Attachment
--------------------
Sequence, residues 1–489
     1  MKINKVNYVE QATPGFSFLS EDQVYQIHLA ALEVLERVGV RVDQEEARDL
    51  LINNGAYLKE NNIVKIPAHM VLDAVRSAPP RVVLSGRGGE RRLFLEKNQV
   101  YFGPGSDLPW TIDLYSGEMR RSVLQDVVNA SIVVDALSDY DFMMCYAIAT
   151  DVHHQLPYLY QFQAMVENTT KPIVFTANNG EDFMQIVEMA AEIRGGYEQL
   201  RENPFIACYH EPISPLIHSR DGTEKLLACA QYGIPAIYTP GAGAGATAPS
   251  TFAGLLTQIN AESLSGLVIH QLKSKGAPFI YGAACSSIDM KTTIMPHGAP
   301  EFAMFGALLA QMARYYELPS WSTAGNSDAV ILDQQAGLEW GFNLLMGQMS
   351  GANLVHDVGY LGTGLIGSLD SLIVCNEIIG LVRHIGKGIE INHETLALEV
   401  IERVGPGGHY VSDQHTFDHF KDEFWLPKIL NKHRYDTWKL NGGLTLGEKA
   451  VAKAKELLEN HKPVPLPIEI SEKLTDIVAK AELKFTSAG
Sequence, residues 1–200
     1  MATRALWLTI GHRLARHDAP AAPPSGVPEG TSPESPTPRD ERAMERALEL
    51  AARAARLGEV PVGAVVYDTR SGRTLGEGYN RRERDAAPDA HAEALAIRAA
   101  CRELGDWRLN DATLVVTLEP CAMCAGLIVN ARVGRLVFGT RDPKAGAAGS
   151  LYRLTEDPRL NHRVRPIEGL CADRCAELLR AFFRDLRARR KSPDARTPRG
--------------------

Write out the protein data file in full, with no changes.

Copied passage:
Sequence, residues 1–489
     1  MKINKVNYVE QATPGFSFLS EDQVYQIHLA ALEVLERVGV RVDQEEARDL
    51  LINNGAYLKE NNIVKIPAHM VLDAVRSAPP RVVLSGRGGE RRLFLEKNQV
   101  YFGPGSDLPW TIDLYSGEMR RSVLQDVVNA SIVVDALSDY DFMMCYAIAT
   151  DVHHQLPYLY QFQAMVENTT KPIVFTANNG EDFMQIVEMA AEIRGGYEQL
   201  RENPFIACYH EPISPLIHSR DGTEKLLACA QYGIPAIYTP GAGAGATAPS
   251  TFAGLLTQIN AESLSGLVIH QLKSKGAPFI YGAACSSIDM KTTIMPHGAP
   301  EFAMFGALLA QMARYYELPS WSTAGNSDAV ILDQQAGLEW GFNLLMGQMS
   351  GANLVHDVGY LGTGLIGSLD SLIVCNEIIG LVRHIGKGIE INHETLALEV
   401  IERVGPGGHY VSDQHTFDHF KDEFWLPKIL NKHRYDTWKL NGGLTLGEKA
   451  VAKAKELLEN HKPVPLPIEI SEKLTDIVAK AELKFTSAG
Sequence, residues 1–200
     1  MATRALWLTI GHRLARHDAP AAPPSGVPEG TSPESPTPRD ERAMERALEL
    51  AARAARLGEV PVGAVVYDTR SGRTLGEGYN RRERDAAPDA HAEALAIRAA
   101  CRELGDWRLN DATLVVTLEP CAMCAGLIVN ARVGRLVFGT RDPKAGAAGS
   151  LYRLTEDPRL NHRVRPIEGL CADRCAELLR AFFRDLRARR KSPDARTPRG